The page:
Visitors and residents of the Shenandoah Valley know the importance of Interstate 81, the crowded, yet vital north-south link that moves goods and people up and down the East Coast. It’s hard to imagine when you travel through the small town of Port Republic that this quiet community was once a bustling hub of East Coast transportation and commerce.
The Port Republic area was one of the first to be settled in Rockingham County. A ford in the Middle River near the town was a popular crossing for European settlers making their way from Pennsylvania through the Valley. By the mid-eighteenth century a community was being established in the peninsula formed where the South and North Rivers join to make the South Fork of the Shenandoah River. Early inhabitants used the power of the water to run their mills. The town was officially established by an act of the general assembly in 1802.
In the early 19th century rivers were the way that goods were hauled to market. Shenandoah Valley rivers were traversed by flat-bottomed wooden vessels known as “gundalows.” Port Republic’s location on a navigable river made it a port town. Eight roads converged on the town from every direction, where farmers, miners and trappers would bring their goods to be hauled to the markets in big cities downstream.
The South Fork that follows past Port Republic meets the North Fork near Front Royal to form the Shenandoah River and then continues 55 miles to where it spills into the Potomac River near Harpers Ferry. Some left their goods there while others continued to float down to Georgetown to sell their products in the nation’s capital. Boats were constructed in the area around Port Republic, floated down river and then sold for their lumber at their final destination. Sailors returned home by horseback to make another trip.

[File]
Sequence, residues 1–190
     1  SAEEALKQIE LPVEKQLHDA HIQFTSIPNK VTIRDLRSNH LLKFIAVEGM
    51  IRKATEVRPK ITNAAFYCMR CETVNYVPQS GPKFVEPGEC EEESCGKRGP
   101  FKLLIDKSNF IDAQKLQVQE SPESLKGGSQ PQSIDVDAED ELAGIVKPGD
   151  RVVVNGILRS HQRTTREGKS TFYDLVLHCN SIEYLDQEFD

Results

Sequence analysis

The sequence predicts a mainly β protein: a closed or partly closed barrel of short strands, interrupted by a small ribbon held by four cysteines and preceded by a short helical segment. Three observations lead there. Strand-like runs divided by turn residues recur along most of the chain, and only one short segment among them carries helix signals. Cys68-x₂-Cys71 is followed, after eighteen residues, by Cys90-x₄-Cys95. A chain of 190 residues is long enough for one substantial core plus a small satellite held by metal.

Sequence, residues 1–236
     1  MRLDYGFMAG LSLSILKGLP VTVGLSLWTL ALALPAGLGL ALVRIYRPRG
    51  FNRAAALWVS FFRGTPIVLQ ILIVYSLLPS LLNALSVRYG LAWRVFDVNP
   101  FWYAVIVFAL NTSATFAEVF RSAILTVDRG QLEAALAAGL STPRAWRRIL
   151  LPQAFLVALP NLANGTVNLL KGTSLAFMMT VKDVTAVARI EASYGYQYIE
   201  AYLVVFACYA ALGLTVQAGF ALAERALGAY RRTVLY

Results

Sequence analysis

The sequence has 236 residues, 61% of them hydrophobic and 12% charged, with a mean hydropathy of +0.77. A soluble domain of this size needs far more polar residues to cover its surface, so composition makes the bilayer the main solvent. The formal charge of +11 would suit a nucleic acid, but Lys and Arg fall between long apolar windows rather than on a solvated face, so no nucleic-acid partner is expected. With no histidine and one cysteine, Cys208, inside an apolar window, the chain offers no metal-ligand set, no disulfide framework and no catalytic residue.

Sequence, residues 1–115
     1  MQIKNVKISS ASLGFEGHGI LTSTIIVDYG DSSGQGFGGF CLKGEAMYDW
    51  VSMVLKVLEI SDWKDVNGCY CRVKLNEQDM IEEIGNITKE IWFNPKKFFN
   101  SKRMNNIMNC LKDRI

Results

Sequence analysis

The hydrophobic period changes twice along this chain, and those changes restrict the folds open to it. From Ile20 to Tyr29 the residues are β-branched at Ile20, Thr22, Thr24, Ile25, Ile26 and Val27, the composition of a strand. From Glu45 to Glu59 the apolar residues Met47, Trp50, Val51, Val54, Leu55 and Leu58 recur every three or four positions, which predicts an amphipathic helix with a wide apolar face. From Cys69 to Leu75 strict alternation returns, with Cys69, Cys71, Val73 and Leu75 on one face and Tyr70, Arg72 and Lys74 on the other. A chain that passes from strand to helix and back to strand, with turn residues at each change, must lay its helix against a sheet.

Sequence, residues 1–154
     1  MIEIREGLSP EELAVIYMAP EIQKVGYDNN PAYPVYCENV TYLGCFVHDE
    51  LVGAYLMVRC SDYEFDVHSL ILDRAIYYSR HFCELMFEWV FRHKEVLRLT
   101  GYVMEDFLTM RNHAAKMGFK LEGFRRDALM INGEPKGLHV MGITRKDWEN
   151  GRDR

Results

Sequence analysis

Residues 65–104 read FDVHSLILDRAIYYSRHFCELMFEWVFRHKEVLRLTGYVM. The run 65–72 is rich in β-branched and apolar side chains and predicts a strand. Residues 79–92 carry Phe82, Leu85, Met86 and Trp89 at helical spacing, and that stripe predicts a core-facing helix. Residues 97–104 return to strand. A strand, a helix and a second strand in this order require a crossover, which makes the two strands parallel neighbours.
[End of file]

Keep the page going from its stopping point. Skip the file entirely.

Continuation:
Port Republic’s strategic location made it a battleground in the Civil War during the Valley Campaign. In 1862, while camped around the town, Confederate general Stonewall Jackson encountered Federal forces and fought the Battle of Port Republic, burning the town’s bridge in the process to prevent his enemy from advancing. Following the battle a church in the town was used for a hospital.
Improved road systems, the coming of the railroad and the war put an end to the Shenandoah River “superhighway,” slowing Port Republic’s growth and what was once a bustling town continued into the 20th century as a small village on the river in the midst of an agricultural community.
Today Port Republic is an unincorporated community within Rockingham County. The town of Grottoes, two miles away, is home to a public library, a community park and a county public elementary school. Port Republic is 10 miles away from Harrisonburg, the county seat of Rockingham with a population of 40,000 with retail, medical and educational services. While the rivers near Port Republic are no longer used for commerce they are popular for recreation, drawing fisherman and boaters to what was the Valley’s original superhighway.
Port Republic, VA